The pretty good books of Susan Larson

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The Joinup Begins: Sam Changes his Mind

In this vignette from “Sam (a pastoral),” both Ruthie and Sam forgo their first impulses, namely to fight; they stop a moment and re-consider each other and decide to try a little trust.


‘Sam sauntered down the barn lane like an old moo cow, his head bobbing between Evvie and me, his ears waggling back and forth in time with his strides. My heart was thumping about three beats per waggle. I led Sam close to the stave bench, then stood on it and slowly looped the reins over his neck.

Sam tensed up and rolled a spooky-blue left eye around to glare at me. He whuffed out hard through his nose as I undid the halter and lifted the crownpiece of the bridle up in front of his face…

Hmpf!” he said, and flung his nose straight up. How could he? After I had been so nice to him.

“Should I smack him?” I asked Evvie.

“I dunno, is be being bad?”

Was he? Or was he just expecting to get yarned around? We stood there another minute. The nose stayed up, the eye stared at me. Finally I took the bridle down and reached out nice and slow with my empty hand. I stroked Sam’s neck.

“Don’t worry, Sam.” My voice was shaking. “I won’t yarn you around, ever. Ever. I promise.”

That eye glowered down at me and I looked up at it. I kept stroking his neck. It was as hard as stone. Another long minute went by.

The eye closed. Sam smacked his lips and made a sound like a sigh. Did I hear him say,

“Tsk. Oh, all right, if it means that much to you.” Sam lowered his head. I held up the bridle again and he took the bit. I eased the crown piece over his ears, off side, near side. Sam sighed again while I did up the buckles; then the eye opened and looked at me. Not glaring…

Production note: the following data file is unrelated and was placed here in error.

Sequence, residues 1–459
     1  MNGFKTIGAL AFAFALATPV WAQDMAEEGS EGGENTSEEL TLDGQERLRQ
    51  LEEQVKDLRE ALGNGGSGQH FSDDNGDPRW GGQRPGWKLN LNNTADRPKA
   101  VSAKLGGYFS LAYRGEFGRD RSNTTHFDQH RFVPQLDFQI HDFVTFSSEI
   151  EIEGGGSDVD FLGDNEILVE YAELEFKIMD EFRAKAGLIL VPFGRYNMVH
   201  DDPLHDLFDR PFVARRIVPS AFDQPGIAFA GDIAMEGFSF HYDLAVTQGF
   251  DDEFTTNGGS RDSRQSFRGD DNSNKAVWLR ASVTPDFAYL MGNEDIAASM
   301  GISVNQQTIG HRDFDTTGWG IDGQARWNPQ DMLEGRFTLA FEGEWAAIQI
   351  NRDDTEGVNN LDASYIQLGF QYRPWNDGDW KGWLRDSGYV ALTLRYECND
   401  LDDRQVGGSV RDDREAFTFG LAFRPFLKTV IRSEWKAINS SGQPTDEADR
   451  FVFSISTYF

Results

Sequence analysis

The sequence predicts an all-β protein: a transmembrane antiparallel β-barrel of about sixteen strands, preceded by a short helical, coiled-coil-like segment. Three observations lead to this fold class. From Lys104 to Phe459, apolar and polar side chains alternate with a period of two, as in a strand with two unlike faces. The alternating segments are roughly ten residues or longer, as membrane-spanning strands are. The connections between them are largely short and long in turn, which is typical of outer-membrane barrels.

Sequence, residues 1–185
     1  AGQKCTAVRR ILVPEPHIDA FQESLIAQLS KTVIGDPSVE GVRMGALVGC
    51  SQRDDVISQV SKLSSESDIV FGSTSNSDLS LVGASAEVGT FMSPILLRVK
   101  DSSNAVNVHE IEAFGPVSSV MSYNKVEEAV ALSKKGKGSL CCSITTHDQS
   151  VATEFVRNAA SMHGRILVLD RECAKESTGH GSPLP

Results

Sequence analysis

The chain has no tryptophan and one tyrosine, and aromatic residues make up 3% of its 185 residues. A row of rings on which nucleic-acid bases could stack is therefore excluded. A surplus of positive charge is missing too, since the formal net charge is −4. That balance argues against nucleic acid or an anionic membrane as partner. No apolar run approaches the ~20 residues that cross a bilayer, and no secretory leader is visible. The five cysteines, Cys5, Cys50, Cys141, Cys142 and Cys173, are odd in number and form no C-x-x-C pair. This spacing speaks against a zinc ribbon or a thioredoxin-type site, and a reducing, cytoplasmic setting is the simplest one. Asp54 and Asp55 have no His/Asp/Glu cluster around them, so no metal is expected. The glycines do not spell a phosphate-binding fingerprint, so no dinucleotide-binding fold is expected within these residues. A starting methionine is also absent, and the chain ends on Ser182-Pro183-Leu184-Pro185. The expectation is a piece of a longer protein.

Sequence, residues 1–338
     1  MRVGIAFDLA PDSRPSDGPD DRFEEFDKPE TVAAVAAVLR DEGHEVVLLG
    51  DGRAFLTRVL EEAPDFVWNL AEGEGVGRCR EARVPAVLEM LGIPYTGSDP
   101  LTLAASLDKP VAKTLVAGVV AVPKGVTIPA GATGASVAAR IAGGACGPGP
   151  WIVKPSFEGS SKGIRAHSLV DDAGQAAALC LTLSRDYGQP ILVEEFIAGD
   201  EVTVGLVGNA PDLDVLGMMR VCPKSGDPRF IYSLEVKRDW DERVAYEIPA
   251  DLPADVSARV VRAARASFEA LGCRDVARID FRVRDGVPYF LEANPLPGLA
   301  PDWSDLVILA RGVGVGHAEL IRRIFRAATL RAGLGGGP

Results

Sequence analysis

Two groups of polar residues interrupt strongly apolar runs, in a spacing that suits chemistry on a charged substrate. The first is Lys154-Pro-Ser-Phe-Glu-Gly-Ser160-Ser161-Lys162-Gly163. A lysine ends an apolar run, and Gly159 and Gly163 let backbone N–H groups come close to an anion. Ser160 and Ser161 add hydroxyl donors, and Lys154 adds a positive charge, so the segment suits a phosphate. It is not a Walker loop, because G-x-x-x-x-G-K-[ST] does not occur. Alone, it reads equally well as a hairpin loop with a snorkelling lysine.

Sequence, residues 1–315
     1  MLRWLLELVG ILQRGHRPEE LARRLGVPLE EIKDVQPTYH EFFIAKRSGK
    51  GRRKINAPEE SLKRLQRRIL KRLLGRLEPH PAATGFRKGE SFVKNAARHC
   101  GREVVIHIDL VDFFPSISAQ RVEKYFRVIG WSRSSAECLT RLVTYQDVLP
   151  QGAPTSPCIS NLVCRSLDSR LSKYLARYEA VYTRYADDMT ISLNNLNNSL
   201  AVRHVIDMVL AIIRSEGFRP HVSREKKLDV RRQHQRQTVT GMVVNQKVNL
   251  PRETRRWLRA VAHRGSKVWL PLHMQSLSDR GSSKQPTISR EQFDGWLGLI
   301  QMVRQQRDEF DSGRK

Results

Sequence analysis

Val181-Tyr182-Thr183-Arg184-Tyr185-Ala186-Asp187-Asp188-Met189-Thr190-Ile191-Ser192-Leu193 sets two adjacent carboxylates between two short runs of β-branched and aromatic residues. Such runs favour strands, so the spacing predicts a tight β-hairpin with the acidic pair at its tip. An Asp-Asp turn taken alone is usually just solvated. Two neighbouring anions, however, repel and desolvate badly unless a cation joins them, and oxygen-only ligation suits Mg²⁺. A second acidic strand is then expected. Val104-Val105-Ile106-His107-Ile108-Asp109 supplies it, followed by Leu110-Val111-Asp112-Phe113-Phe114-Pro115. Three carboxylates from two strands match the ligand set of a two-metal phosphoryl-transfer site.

Sam lifted his nose up close to my face. He sniffed my hair and my mouth and touched my cheek with his whiskers. I sighed and shut my eyes…’


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An Exerpt from “Sam (a pastoral)”

Sam arrives

Cousin Billy’s van pulled into the barn lane bright and early, at eight o’clock. Billy let down the ramp and led Sam out. Actually, Sam exploded out in one giant leap and never touched the ramp. He was quivering all over, bug-eyed, high-tailed and high-headed. He looked quite a bit uglier– and oranger– and wilder– than I remembered…

We led him out to the pasture, and in and out of his new stall a few times, and along all the fence lines, reading the how-to-settle-them-in-to-their-new-home instructions in “A Horse of Your Own” as we went.. .

Finally we turned Sam loose to investigate on his own. He did another complete tour of the pasture at a high-prancing trot, sometimes screeching to a halt, nostrils whiffing, eyes flashing blue, looking. He looked at the twelve Holsteins he shared his new home with; he looked at Connnor’s Holsteins in their pasture a half mile away; he looked at Byron mowing his hay, a little late in the season, down-hollow.